Who do you think will have the next team name change?
Who do you think will be the next current team to relocate?
Which will be the next city to get an expansion team and do we really need one?!
As you’ve read through this list, and for me as I’ve put it together, you’ve probably thought some names were crazier than others as have I. I am going to make a top ten list of the weirdest baseball names that have been out there for MLB teams so be thinking of yours and make a list and see how if you match up with mine!
2011 was declared by Tampa Bay Rays manager Joe Maddon to be The Year of the Napoli…
We all remember it well, Juan Rivera and Mike Napoli to the Blue Jays for Vernon Wells… Then within a few days Napoli was wearing Ranger blue. We’ve all heard about how bad of a trade it turned out to be for the Angels with Wells having a very off-year and Napoli having his season of all seasons, and of course Napoli performed like a beast in the playoffs when it mattered. He was throwing out runners, hitting homer’s, he was doing it all. He was destined to be the World Series MVP had the Rangers pulled it out.
I always enjoyed Mike Napoli as an Angel, I paid little attention to his overall stats, but to the power that he displayed even with his limited playing time in Anaheim. Over the end of last season and into the playoffs Angels fans continued to see and hear how well he was doing (even against us) and had to wonder why on earth did we get rid of this beast?
Here’s why it didn’t seem so bad at the time…
Mike Napoli had his breakout year in 2011 with the Rangers, he did things that he had never done before. He became more disciplined at the plate with a higher rate of walks and less strikeouts too. He had more home runs, more doubles, more rbi’s, more hits, hit 82 points higher, walked 16 more times and struck out 52 less times in 84 less at bats.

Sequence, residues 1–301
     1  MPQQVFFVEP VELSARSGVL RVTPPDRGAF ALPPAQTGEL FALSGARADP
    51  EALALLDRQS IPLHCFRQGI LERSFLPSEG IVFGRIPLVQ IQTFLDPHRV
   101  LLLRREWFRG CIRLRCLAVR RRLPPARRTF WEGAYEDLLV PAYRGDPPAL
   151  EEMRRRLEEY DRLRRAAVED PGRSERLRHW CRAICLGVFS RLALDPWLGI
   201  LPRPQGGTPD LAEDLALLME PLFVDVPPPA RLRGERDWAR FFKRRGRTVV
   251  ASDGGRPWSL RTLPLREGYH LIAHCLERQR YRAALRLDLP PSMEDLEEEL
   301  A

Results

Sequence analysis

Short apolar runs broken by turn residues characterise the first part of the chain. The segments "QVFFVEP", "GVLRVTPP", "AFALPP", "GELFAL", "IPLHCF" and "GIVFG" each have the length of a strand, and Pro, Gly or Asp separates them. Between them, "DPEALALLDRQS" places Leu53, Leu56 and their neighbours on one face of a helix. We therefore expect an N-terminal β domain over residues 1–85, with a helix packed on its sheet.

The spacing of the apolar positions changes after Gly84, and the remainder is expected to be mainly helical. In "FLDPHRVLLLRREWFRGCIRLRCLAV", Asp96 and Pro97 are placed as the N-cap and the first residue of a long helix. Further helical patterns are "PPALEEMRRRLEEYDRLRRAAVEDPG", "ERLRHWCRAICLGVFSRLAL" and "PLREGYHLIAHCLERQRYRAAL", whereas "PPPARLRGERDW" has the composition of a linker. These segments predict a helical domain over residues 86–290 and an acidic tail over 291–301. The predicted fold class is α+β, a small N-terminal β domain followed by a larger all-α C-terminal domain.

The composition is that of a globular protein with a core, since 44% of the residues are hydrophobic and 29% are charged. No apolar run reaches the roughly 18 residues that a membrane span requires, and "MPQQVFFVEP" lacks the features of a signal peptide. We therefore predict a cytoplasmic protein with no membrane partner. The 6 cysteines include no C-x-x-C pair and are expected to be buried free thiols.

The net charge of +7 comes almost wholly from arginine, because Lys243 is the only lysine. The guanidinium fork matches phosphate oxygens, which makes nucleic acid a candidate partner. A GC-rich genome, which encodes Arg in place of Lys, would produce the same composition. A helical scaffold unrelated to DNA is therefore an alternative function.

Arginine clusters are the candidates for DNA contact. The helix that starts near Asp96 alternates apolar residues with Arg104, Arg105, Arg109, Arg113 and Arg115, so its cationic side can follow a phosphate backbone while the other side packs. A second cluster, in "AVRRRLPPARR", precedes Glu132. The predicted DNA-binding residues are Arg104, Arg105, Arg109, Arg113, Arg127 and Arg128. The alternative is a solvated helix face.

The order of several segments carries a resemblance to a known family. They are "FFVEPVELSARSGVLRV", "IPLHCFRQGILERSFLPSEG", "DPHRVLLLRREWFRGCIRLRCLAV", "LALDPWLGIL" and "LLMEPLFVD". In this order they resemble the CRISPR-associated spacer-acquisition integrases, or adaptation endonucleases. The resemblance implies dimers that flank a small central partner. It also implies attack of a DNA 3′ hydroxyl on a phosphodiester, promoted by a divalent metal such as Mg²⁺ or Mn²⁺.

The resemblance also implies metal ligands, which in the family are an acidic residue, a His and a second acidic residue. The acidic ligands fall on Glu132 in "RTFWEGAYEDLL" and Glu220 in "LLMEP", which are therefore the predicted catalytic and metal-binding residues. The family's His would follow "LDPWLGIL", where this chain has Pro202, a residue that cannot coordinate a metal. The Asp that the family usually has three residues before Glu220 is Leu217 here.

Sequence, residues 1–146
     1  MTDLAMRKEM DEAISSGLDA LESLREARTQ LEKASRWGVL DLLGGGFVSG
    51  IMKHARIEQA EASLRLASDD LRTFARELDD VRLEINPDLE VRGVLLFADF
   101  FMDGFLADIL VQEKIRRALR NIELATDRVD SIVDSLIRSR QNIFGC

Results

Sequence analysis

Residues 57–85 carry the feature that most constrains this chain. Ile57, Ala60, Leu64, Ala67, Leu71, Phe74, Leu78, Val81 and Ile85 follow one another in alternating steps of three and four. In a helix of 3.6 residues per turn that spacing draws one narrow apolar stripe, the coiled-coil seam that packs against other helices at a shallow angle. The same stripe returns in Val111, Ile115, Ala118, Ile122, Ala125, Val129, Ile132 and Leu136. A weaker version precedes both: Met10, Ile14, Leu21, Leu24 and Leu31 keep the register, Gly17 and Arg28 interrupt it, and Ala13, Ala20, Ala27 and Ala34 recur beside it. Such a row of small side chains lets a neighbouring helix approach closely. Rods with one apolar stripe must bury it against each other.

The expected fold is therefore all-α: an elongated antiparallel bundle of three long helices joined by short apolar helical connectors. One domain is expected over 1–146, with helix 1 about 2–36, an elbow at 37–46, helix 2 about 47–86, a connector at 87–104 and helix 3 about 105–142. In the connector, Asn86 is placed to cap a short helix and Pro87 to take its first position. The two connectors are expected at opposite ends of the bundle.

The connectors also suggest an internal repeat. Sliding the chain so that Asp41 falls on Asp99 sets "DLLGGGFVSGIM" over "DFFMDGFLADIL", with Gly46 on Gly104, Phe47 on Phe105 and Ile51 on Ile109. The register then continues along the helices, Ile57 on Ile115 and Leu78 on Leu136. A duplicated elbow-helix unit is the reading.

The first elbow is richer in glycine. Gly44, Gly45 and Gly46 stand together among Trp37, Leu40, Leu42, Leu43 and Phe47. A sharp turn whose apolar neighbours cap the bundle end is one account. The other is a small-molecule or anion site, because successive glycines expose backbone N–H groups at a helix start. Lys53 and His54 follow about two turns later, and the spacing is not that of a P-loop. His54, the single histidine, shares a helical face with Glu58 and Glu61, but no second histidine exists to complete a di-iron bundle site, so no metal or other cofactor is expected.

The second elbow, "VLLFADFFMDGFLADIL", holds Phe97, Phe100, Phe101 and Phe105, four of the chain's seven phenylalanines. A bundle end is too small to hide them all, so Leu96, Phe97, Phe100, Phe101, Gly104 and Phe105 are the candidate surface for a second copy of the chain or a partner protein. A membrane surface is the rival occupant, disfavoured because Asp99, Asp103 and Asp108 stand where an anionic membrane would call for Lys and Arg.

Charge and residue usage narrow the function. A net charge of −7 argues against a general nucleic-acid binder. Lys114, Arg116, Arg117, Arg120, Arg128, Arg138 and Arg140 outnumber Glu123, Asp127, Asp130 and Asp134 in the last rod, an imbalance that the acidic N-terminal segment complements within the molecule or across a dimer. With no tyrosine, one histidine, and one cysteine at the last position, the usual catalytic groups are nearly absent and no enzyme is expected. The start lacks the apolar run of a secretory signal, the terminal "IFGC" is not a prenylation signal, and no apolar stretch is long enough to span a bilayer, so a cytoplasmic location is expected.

When we traded him to the Blue Jays we traded a guy with a lifetime batting average of .251, in 2011 he batted .320! Sixty nine points higher than his average… Then you compare his post season stats, in three post seasons with the Angels he had a batting average of .226, in 2011 with Texas he batted .328! One hundred and two points higher!
As far as the myth that he wasn’t a sound catcher, just looking at a couple of things like caught stealing percentage (31% with Angels compared to almost 37% with the Rangers) and a fielding percentage no lower than .986 at any given time shows that he was a competent defensive catcher.
One last thing that I think played a part in all of this was a kind of revenge factor. There were many things said about the fact that Mike Napoli wasn’t a sound defensive catcher and had issues hitting with RISP, so I think Napoli left with a vengeance ready to prove that he was much more than that as a player. He brought it to the Angels in a way that hadn’t been seen since way back in 2010 (yikes!) against the likes of Vladimir Guerrero… And the rest as they say is history!
When you look at but a few of the miscellaneous stats comparing Mike Napoli now, to Napoli then, it doesn’t seem like such a no brainer to include him in that trade. And don’t forget folks, we still had Jeff Mathis! Just kidding, just kidding!